"My message on the offshore stuff is not to be too scared of the unknown. Our experience in Britain– where we actually at one point had the most offshore wind power in the world – has been that even communities that have been negative of ambivalent towards it at the outset, are now much more positive."
"Estonia has good conditions for offshore: Shallow seas, areas on land that are relatively unpopulated etc., so it could be quite a good thing for the country."
"Estonia could be fully subsistent on renewables and even end up exporting electricity again," Ross notes, adding that this had been the case in the past with shale oil-generated electricity, but that modern climate considerations require a different tack.
A growth in renewables would help with decoupling from any residual dependency upon Russian energy, also.
Which brings us to the current security situation and the eFP. One of the things which one could contrast quite obviously between the Russian military, and multi-national NATO battlegroups like the one at Tapa, is that the latter almost symbolize a different, democratic values system.
Philosophy of the eFP and NATO's presence in Estonia
"All NATO members have a shared set of values; all three nationalities there at Tapa are really clear why they're here – that's even more the case than it was before because of what's happened with Russia and Ukraine."
"One of the things which is quite nice is we're all there (French and Danish troops join the Estonian and British personnel which make up the eFP) at the same time now."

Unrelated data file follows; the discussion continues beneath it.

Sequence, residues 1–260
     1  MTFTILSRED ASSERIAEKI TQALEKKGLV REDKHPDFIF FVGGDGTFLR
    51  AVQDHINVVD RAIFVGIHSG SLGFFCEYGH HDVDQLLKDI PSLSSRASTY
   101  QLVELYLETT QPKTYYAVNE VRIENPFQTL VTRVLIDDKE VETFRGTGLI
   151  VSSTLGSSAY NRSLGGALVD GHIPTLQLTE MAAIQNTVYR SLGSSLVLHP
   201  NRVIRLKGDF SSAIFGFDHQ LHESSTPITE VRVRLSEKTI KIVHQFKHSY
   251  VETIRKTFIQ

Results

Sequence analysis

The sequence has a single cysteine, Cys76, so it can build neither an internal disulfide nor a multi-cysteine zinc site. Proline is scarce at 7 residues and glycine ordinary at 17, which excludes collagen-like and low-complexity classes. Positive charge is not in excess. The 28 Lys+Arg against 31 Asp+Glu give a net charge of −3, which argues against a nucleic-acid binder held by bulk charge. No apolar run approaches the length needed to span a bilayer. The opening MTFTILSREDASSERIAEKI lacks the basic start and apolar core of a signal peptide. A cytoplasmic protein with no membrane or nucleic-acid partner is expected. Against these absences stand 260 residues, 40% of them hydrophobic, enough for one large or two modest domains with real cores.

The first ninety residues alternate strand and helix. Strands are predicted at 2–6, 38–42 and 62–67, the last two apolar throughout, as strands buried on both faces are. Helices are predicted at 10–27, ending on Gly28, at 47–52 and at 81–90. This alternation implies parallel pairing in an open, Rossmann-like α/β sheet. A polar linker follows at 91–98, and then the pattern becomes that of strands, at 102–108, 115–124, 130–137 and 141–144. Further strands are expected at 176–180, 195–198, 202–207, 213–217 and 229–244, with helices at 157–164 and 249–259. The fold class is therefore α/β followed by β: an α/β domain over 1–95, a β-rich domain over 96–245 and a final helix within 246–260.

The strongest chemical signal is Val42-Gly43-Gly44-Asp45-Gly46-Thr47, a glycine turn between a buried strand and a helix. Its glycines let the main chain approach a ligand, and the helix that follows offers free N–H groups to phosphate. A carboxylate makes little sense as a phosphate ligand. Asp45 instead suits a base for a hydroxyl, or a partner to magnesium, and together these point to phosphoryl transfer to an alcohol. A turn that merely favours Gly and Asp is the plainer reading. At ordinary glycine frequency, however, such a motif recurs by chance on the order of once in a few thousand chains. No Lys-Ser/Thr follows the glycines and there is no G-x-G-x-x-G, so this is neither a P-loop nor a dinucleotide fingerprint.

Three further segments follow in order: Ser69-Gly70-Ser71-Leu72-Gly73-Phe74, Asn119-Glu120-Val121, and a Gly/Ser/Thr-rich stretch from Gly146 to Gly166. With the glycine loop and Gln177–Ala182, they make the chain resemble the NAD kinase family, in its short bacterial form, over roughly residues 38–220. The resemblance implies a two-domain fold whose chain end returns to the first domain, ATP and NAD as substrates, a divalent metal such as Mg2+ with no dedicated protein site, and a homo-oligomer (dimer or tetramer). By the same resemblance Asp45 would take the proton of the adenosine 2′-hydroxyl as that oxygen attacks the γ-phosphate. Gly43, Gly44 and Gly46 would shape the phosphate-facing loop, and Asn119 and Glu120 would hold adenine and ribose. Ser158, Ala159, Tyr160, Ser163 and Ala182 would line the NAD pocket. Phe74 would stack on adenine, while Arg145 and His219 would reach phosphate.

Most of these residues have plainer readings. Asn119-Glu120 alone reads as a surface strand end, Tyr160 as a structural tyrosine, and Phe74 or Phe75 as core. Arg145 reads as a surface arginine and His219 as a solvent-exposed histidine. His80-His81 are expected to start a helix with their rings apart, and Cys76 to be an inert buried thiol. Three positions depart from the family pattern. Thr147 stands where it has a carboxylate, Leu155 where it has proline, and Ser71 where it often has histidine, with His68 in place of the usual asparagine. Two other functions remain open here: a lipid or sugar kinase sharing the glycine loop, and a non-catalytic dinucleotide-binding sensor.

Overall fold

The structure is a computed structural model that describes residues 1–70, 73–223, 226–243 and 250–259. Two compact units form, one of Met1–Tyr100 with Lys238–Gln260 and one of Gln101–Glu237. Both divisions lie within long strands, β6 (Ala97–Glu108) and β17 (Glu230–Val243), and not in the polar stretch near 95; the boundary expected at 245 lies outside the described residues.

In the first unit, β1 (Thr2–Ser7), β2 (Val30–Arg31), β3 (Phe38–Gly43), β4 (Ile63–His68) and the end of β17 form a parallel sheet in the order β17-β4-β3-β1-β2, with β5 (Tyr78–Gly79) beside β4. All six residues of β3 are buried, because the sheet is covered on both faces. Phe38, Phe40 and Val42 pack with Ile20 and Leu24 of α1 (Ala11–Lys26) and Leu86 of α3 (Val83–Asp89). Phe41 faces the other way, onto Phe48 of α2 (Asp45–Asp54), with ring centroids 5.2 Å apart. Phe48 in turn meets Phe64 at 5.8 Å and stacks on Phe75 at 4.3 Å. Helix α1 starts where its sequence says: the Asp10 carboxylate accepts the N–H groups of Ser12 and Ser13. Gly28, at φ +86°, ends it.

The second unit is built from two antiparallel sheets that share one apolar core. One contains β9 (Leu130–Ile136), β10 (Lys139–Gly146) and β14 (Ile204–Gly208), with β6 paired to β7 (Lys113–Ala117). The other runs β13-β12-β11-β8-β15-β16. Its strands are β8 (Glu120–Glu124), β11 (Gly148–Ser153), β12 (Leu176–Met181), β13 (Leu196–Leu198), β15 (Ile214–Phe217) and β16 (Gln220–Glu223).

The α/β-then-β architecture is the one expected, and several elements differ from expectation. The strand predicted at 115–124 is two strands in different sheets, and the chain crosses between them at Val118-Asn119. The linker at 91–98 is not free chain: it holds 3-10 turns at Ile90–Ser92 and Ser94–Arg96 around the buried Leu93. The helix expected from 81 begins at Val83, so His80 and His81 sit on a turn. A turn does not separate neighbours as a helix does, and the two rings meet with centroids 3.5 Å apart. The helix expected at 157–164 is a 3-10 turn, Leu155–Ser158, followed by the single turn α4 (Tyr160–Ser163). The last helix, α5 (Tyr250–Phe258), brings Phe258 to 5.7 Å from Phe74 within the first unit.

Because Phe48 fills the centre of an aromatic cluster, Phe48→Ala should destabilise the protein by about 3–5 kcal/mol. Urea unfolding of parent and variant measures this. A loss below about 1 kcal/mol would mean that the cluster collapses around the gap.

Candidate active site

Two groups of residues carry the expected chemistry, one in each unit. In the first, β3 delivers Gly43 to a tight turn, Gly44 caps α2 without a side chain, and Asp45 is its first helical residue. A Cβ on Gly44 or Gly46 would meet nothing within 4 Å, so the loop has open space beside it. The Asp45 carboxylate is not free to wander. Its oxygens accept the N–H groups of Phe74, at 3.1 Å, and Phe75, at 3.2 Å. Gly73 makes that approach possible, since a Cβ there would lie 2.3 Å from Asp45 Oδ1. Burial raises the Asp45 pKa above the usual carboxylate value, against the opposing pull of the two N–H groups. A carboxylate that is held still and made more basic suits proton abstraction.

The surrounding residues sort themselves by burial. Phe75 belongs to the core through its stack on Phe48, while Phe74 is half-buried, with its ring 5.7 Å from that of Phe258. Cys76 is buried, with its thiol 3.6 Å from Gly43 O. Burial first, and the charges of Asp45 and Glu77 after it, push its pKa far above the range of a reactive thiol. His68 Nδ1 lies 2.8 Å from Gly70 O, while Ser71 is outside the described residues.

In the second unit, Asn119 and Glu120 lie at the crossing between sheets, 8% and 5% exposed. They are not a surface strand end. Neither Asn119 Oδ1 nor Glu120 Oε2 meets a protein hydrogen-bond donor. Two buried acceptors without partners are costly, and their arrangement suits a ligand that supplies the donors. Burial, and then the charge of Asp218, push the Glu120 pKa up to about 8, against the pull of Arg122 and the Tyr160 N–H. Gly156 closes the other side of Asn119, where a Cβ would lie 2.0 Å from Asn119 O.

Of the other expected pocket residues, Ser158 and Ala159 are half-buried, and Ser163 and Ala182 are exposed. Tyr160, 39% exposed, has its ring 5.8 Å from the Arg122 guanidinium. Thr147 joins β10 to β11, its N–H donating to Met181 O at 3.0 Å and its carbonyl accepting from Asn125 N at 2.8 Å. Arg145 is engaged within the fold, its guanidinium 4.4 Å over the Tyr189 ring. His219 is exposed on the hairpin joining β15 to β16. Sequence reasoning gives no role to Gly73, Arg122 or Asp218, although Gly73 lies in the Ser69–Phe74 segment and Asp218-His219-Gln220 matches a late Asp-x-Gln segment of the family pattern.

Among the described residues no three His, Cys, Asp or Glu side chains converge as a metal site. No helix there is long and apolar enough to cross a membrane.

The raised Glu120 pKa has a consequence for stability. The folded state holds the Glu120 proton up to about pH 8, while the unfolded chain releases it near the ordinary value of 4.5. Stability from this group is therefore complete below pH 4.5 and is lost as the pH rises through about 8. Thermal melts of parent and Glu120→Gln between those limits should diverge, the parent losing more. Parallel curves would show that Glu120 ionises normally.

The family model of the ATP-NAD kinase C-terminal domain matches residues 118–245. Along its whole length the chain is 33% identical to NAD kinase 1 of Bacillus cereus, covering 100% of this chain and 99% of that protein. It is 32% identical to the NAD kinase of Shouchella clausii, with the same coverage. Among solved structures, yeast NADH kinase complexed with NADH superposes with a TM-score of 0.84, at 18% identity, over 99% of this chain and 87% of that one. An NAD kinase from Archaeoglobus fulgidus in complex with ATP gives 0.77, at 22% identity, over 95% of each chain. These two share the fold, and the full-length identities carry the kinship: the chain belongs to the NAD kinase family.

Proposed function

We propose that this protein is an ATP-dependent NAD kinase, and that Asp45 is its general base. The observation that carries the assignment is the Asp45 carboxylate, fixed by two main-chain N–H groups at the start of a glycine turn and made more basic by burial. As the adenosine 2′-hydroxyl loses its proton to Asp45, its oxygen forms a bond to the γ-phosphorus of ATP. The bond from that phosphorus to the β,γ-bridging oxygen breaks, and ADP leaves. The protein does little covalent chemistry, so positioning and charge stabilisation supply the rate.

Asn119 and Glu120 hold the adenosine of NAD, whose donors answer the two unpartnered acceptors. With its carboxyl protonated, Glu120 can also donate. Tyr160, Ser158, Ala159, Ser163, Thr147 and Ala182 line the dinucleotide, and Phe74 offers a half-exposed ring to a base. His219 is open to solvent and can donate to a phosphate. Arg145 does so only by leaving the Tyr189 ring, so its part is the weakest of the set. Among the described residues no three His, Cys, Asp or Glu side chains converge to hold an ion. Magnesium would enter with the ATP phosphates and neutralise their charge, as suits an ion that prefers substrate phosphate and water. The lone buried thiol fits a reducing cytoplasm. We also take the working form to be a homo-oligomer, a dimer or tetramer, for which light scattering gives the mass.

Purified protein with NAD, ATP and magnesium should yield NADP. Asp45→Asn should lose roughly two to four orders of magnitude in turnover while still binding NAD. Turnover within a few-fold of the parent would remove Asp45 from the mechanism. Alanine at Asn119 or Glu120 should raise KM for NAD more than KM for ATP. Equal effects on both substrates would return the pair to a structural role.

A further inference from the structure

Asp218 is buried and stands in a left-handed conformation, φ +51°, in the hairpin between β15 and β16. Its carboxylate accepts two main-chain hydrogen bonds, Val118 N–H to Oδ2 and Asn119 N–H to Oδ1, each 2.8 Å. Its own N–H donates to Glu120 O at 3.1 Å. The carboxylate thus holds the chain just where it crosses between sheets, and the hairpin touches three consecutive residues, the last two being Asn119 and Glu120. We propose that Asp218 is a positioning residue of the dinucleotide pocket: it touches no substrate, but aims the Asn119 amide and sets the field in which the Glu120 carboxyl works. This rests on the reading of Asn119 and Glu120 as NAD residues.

"The French and Danes get to be together, which they didn't in the past, as they usually alternated on a rotational basis, so it's nice that has happened."
"When I visit Tapa and talk to the troops they, too, absolutely understand why they're here."
"I was at the training area the day after the Royal Tank Regiment (RTR) were told that they were extending their term, and morale was high, as if to say: 'We get it – that's why we're in the army and that's why we're here."
The RTR currently make up the core of the eFP along with the 1st Battalion, the Royal Welsh – two battalions where in the past there had been one, plus supported by many other elements from many other British army units and those of their allies.
"I recently attended the eFP's fifth celebration here, and, listening to the speeches, with the French and Danish ambassadors, and the Estonian defense minister, we all could have practically given each other's presentations as we're all on the same page in our view of what Russia is doing in Ukraine, and the value of the eFP."
eFP battlegroups are also in Latvia, Lithuania and Poland